Skip navigation

Tag Archives: Visibility

Calvino describes Visibility by saying “a story is the union of a spontaneous logic of images and a plan carried out on the basis of rational intention.” The main emphasis here is that of the imagination. Calvino says that he always starts a story by expanding from an image that struck him as particularly meaningful. He argues there are two types: words that then become an image (such as reading), and an image being formed into words (writing).

Storobinksi believed there were two definitions of imagination: it could either be an instrument of knowledge, or the soul of the world. Calvino states he sides with the latter choice.

Following from what Calvino believes, I think both the reader and the author have a certain responsibility to each other. The author needs to be able to convey images through words, and the reader needs to be able to take those words and form them back into images.


One analogy that immediately struck me as suitable for the author-reader relationship in Visibility was the compression of images on the computer. Suppose an artist creates a vast, beautiful image and he wants to send it to a friend online. However, the image is too big to send, so he has to compress it. He compresses his image so it is smaller, and the computer turns it into a simple code that can be transferred much more easily. The image is sent, and the author’s friend opens the file and decompresses the code, and he is able to see the image.


In my mind, this is very analogous to the process of converting images in the mind into type, an then the reader converting those words back into images. And if the author doesn’t have a good grasp on the Visibility of his work, it will suffer and the reader will have a hard time conjuring (or decompressing) the images.

Calvino made a really great metaphor pertaining to Visibility. He said “letters and punctuation are grains of sand in a shifting dune.” So, my immediate thought was that a great emblem for Visibility would be a quantity of sand.


Sand can pretty much be formed into anything, either naturally or by man. It has that amazing property of being able to take any form. I think one reason the Sandman got his name is because he creates dreams as he puts people to sleep, dreams that can take any form (and not just because he sprinkles sand in your eyes while you sleep).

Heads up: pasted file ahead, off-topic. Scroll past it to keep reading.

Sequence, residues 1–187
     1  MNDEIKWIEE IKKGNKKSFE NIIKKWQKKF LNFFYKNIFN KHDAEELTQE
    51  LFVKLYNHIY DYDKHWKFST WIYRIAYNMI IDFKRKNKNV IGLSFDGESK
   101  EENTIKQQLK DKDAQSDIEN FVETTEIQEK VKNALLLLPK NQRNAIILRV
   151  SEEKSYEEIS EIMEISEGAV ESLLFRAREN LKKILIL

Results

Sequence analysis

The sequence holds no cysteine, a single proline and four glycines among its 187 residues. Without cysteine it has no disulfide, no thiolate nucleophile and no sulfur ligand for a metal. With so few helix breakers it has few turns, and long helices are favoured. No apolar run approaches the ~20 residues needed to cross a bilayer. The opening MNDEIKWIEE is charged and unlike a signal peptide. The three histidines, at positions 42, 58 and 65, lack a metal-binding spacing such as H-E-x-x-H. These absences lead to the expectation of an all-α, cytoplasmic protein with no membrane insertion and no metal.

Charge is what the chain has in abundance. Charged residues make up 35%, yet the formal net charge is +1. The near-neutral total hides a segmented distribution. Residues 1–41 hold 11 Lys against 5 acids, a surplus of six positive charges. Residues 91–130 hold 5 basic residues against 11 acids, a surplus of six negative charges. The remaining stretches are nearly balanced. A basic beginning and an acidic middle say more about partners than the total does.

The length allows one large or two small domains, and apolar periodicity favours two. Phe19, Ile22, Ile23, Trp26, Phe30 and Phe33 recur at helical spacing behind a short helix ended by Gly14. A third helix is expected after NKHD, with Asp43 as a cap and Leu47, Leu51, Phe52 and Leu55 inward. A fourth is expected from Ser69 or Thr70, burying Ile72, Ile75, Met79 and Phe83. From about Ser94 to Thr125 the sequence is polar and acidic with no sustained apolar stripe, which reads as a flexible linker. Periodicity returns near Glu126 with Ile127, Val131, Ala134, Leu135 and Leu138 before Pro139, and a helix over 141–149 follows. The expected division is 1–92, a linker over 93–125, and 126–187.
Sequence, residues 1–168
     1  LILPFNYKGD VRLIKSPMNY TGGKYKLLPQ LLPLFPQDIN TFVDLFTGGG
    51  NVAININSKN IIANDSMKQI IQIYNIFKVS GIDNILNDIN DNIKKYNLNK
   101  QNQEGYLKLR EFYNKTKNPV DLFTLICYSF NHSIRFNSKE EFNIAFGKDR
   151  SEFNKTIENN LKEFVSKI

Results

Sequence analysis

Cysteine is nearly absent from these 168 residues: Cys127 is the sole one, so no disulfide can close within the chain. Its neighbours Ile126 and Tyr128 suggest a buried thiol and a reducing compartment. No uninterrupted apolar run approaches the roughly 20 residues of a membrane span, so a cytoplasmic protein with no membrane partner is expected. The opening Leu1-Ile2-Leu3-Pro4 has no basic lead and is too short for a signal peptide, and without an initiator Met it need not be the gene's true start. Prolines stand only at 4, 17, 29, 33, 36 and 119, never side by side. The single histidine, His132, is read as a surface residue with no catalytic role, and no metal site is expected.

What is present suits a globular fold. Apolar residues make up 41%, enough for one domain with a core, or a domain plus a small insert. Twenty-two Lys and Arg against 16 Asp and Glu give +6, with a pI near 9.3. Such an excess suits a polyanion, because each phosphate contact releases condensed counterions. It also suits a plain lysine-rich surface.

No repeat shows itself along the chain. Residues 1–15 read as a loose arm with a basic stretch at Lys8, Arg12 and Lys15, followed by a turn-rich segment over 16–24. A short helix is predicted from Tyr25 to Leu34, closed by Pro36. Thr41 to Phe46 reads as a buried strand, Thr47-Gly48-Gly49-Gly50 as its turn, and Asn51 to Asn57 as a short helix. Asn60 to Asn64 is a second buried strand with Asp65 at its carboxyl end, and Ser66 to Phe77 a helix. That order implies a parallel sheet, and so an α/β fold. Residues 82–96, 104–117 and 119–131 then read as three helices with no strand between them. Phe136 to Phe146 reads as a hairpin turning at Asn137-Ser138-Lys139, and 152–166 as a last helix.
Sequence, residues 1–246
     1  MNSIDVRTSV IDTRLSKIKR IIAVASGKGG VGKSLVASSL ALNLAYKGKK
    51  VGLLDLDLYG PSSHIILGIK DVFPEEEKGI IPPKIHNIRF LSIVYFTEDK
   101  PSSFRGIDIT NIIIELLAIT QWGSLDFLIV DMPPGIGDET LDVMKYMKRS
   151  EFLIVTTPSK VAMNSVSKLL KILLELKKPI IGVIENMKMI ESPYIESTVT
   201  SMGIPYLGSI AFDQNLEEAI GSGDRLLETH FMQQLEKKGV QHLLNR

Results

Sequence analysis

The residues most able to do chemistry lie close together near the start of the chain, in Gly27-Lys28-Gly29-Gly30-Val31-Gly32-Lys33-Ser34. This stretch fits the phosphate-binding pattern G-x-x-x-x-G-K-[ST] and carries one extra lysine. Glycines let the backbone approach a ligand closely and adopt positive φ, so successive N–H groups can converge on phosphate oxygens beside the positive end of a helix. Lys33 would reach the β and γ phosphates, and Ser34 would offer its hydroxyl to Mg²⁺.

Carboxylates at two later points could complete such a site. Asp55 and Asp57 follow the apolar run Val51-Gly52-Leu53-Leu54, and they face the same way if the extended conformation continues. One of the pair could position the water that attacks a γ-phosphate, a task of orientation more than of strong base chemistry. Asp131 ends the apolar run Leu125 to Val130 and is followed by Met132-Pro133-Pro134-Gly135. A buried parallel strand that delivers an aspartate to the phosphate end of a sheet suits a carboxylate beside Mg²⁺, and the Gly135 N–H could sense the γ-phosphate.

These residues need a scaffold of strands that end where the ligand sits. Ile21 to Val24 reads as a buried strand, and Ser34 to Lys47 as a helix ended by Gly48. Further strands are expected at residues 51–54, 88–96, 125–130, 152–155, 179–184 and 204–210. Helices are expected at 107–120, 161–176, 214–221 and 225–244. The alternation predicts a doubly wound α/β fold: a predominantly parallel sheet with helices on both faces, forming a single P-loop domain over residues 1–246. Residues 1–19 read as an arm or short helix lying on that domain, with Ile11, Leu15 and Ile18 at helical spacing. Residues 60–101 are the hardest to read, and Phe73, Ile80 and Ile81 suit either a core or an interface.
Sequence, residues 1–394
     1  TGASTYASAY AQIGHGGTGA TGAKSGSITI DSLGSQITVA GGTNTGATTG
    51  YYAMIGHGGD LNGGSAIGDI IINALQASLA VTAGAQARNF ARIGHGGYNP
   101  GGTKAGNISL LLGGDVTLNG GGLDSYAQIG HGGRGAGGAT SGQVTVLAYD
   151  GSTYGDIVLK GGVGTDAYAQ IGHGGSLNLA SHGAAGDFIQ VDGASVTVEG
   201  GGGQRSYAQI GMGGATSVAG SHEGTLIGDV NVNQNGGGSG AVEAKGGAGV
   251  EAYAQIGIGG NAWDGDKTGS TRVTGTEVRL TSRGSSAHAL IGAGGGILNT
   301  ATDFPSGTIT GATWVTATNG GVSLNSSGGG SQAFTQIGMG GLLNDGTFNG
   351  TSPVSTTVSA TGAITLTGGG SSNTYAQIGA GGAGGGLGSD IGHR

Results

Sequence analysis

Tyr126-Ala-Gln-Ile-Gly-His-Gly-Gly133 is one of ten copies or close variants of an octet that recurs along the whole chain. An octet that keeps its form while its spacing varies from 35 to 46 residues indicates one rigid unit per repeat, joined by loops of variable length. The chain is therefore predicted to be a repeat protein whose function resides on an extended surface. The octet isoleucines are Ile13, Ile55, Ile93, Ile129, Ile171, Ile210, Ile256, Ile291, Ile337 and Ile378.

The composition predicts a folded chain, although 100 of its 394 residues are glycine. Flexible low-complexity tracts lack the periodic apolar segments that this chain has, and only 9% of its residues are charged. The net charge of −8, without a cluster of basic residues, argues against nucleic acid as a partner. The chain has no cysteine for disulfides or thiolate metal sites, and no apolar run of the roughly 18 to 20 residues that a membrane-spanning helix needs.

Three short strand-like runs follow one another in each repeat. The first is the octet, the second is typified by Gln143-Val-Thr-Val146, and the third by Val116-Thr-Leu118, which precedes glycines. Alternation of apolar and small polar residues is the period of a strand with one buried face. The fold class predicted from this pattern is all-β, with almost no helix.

Also, sand was crucial in the development of languages. Before there was paper or things to write on, I’m sure early humans drew pictures in the sand to communicate. Then, as languages developed, they began writing those codes in the sand. It’s quite possible code itself was conceived in the dirt. Now, languages are similar to sand in that the words and symbols can be moved around until they are just right. For these reasons, sand is a terrific emblem for the concept of Visibility because it allows ideas to take shape.

“Carving in Possibilities” by Deena Larsen is a great example of Visibility. Her piece uses the mouse to carve a picture of the statue of David out of an initially blurry image. Each point of progress in the picture has a line of text that goes with it. Gradually, by reading each line, the blurry image takes shape to form David’s statue.


Not only is that statue a clear evocation of Visibility, the captions are as well. Each line is a thought that somehow relates to David from varying points of view. From the combination of these excerpts, the reader gets an image of not only what David looks like, but people’s disposition of him as well. It’s a very generative piece that creates both a visual and personal construct of David.

“Carving in Possibilities” can be found here.

One idea by Hayles present in “Carving in Possibilities” is the concept of hyper attention versus deep attention. Hyper attention is a mindset that emphasizes quick thoughts, changing trains of thought, and fast-paced multitasking, while deep attention is the traditional mindset of focusing on one task for a length of time. While classic texts require deep attention to concentrate on, many E-Lit texts require hyper attention.

“Carving in Possibilities” is one such example of hyper attention because it is a fast-paced work that is twitch-responsive to user input. The slightest movement of the mouse will generate a new quote on the screen and reveal a bit more of the image. Instead of a slow, thought-out work that reads slowly, this piece can be read and completed in a matter of seconds. It is a piece laden with distraction and stimuli, one of the features of hyper attention.

(Continue on to Memo 5. Multiplicity.)